Researcher David Stone accidentally discovered an iron carbonate-based concrete when he was a graduate student at the University of Arizona. IronKast Technologies, LLC is in the process of commercializing Ferock and Ferrocrete, made from steel dust and recycled glass.

Ultra-high-performance concrete (UHPC) known as Ductal® has been used successfully by Frank Gehry in the Louis Vuitton Foundation Museum in Paris and by architects Herzog & de Meuron in the Pérez Art Museum Miami (PAMM).

The strong, thin concrete is expensive, but it's a good idea to watch what the Pritzker Laureate architects are using, as they are often the first experimenters.

Universities and government entities continue to be the incubators for new materials, researching and engineering composites with different properties and better solutions. And it's not just concrete — the U.S. Naval Research Laboratory has invented a glass substitute, a transparent, tough-as-armor ceramic called spinel (MgAl2O4). Researchers at MIT's Concrete Sustainability Hub are also concentrating their attention on cement and its microtexture — as well as the cost-effectiveness of these new and expensive products.

Why You Might Want to Hire an Architect

Building a home to withstand nature's fury is not a simple task. The process is neither a construction nor design problem alone. Custom builders can specialize in insulated concrete rorms (ICF), and even give their end-products safe-sounding names like Tornado Guard, but architects can design beautiful buildings with evidence-based material specifications for builders to use. Two questions to ask if you are not working with an architect are 1. Does the construction company have architects on staff? and 2. Has the company financially sponsored any of the research testing? The professional field of architecture is more than sketches and floor plans. Texas Tech University even offers a Ph.D. in Wind Science and Engineering.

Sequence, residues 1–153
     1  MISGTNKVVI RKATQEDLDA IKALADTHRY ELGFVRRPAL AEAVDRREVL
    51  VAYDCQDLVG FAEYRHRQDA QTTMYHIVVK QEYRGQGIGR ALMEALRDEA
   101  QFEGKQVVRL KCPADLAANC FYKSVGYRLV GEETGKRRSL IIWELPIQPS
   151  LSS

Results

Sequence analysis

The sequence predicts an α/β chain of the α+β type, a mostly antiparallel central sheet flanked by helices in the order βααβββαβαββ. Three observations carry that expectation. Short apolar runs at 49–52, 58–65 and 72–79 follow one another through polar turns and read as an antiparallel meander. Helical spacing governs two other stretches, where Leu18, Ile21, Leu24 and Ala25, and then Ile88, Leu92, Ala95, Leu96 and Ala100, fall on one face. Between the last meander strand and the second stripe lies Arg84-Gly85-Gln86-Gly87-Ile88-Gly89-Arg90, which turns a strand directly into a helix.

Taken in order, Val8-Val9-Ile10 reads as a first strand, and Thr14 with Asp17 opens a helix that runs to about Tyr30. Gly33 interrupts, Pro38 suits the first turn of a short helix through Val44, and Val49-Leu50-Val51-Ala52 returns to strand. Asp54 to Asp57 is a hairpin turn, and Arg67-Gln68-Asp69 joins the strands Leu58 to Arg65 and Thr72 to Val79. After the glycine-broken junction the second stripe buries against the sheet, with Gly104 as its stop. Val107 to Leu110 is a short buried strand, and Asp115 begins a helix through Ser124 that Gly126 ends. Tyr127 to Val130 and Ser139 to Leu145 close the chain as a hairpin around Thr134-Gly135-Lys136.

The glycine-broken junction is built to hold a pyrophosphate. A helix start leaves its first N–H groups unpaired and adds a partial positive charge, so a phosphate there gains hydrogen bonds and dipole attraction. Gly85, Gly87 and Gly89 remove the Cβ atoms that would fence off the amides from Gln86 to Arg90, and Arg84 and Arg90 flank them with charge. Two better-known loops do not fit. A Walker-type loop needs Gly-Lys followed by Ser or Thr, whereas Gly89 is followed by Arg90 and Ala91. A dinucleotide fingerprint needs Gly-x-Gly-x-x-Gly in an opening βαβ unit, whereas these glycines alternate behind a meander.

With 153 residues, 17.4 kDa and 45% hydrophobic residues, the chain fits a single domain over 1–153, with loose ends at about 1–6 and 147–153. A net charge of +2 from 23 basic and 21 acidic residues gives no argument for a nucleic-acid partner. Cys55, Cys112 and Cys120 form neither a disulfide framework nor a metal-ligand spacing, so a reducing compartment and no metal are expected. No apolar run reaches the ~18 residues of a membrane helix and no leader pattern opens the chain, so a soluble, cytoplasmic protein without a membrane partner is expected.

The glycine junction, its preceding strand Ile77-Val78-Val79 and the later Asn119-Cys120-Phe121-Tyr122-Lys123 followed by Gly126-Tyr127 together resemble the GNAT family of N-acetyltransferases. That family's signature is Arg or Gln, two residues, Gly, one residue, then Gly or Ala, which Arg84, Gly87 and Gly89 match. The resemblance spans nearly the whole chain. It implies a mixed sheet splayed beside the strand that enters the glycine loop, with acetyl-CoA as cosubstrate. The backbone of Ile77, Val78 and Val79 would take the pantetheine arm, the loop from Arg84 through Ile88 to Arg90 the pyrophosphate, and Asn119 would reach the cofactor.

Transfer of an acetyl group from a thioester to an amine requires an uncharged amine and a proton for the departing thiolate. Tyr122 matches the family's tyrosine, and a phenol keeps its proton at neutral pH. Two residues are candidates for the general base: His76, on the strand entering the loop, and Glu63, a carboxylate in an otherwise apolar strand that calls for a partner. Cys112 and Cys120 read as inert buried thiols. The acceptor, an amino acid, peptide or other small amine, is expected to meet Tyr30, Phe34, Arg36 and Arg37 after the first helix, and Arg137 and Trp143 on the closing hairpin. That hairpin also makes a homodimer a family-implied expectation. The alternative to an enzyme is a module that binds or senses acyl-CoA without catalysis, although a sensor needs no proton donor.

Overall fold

Sources

  • Inline photo link of Georgia tornado by Mike Moore/FEMA Photo
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Craven, Jackie. "Concrete Homes - What the Research Says." ThoughtCo, Nov. 21, 2017, thoughtco.com/concrete-homes-what-the-research-says-175900. Craven, Jackie. (2017, November 21). Concrete Homes - What the Research Says. Retrieved from https://www.thoughtco.com/concrete-homes-what-the-research-says-175900 Craven, Jackie. "Concrete Homes - What the Research Says." ThoughtCo. https://www.thoughtco.com/concrete-homes-what-the-research-says-175900 (accessed December 13, 2017).